Panasonic chooses a four-day work week
by Guido Alberto Casanova

For company CEO, “We must support the wellbeing of each employee”. With COVID-19, smart-working has expanded in Japan. The new trend is running up against a workplace culture that monopolises employees’ attention making it hard for them to separate work and personal life.

Tokyo (AsiaNews) – Panasonic  announced its intention to offer its employees in Japan a four-day working week.

According to the company’s CEO Yuki Kusumi, “We must support the wellbeing of each employee” to enable them to pursue their personal interests.

A 2020 government study found that two days off per week is still uncommon in Japan with only 8 per cent of Japanese companies offering this option.

The decision by the manufacturing conglomerate follows a rapidly growing trend among companies, from pharmaceuticals and finance to information technology.

There are many reasons behind it. On the one hand, some businesses have decided to give their employees more personal time to develop new skills that can then be used in the company; on the other, a shorter week allows employees to devote more time to their families.

Some companies have also decided to use the four-day week as a strategy to recruit the best and brightest available in the job market.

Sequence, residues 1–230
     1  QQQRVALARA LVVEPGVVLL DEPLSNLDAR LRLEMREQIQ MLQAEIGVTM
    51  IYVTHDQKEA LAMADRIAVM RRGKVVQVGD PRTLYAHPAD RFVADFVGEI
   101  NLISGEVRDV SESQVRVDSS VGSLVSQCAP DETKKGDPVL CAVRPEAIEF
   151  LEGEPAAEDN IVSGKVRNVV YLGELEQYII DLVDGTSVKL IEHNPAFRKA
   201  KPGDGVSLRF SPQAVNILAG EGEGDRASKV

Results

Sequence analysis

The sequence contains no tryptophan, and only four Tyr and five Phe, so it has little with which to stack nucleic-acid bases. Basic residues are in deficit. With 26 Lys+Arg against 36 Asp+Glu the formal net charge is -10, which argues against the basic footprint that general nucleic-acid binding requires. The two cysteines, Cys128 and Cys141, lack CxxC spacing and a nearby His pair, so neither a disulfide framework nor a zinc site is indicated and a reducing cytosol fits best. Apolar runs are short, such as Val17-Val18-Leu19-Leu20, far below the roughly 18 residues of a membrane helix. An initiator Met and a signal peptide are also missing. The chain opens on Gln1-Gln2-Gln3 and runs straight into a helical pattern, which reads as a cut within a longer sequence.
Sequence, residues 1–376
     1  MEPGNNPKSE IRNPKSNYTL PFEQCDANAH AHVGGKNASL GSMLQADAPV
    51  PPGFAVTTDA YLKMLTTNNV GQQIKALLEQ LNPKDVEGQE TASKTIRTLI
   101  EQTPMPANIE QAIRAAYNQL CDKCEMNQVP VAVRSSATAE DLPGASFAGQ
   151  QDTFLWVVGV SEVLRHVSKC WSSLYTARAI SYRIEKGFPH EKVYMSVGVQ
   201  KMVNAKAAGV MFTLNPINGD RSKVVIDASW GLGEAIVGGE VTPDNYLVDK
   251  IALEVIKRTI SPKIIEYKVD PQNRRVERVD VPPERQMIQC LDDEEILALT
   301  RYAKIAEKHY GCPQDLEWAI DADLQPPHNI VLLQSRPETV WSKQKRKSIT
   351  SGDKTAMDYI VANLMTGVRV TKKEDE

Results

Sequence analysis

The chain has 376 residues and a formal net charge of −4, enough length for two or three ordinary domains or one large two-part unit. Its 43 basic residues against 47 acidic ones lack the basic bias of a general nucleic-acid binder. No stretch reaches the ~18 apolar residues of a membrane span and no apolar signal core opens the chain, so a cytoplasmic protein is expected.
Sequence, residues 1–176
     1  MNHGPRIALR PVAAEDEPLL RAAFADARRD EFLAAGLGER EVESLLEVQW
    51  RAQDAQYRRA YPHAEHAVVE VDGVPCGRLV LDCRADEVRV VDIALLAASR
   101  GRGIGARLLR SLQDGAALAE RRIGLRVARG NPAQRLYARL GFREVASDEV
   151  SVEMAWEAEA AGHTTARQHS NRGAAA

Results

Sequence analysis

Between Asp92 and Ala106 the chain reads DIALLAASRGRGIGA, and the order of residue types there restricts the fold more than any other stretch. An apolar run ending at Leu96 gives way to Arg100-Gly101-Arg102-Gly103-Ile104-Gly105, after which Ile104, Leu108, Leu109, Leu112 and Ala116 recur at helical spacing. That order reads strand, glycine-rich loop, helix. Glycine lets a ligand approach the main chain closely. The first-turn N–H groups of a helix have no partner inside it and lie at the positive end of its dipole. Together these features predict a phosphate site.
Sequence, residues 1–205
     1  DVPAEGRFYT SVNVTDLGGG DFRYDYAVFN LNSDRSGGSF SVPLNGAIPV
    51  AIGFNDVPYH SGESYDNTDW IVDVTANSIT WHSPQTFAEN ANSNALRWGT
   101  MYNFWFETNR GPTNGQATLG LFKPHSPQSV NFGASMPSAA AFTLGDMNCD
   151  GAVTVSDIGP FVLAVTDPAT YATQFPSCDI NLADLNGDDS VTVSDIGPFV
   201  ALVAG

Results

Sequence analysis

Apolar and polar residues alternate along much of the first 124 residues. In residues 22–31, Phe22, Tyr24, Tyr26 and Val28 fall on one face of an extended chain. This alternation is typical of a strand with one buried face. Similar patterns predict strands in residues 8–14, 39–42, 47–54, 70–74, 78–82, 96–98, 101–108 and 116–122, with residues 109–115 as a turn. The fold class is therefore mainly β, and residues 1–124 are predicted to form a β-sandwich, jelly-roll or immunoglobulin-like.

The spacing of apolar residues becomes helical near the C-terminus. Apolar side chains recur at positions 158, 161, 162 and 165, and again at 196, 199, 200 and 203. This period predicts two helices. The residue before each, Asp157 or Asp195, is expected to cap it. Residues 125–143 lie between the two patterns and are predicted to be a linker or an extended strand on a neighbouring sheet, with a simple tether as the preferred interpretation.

Despite its reputation for high efficiency, Japan ranks last among G7 countries in terms of labour productivity as calculated by GDP per hour worked.

It is no accident that the economic and fiscal policy plan approved by the Japanese government in June 2021 includes provisions to encourage four-day weeks, in the belief that it is possible to work less and better.

The issue is already on the agenda of Japan’s Liberal Democratic Party; and as such, it could give further impetus to the trend.

The latter has been compounded by the COVID-19 pandemic, which has changed many work habits deeply rooted in Japan.

One example is the famous happy hour after work among employees, a practice long considered essential to develop an esprit-de -corps within a business. Since the SARS-CoV-2 outbreak, a majority of workers found it unnecessary for the first time, this according to a Kyodo News poll released last November.

As a result, work from home, almost absent before the pandemic, is now starting to be accepted as the norm; in some cases, employers encourage it:

Yahoo Japan, for example, told its employees (90 per cent of whom now work remotely) that they are no longer required to work from the company offices; for those who need to come in, the company will allocate a commute budget.

Although Japan's rigid work culture is changing, many obstacles still exist and the changes caused by COVID-19 may not last.

For decades, the way work was organised favoured a close relationship between employees and their company; even today many young people find it hard to separate professional and personal life.

This is especially the case when wages are directly proportional to the number of hours worked; many workers rightly fear that a shorter work week will mean fewer earnings.

The issue, however, is now on the table. Japan’s labour market, still shaken by a high number of work-related fatalities, is just now starting to come to terms with this reality, even if finding a new balance appears to be a very distant goal.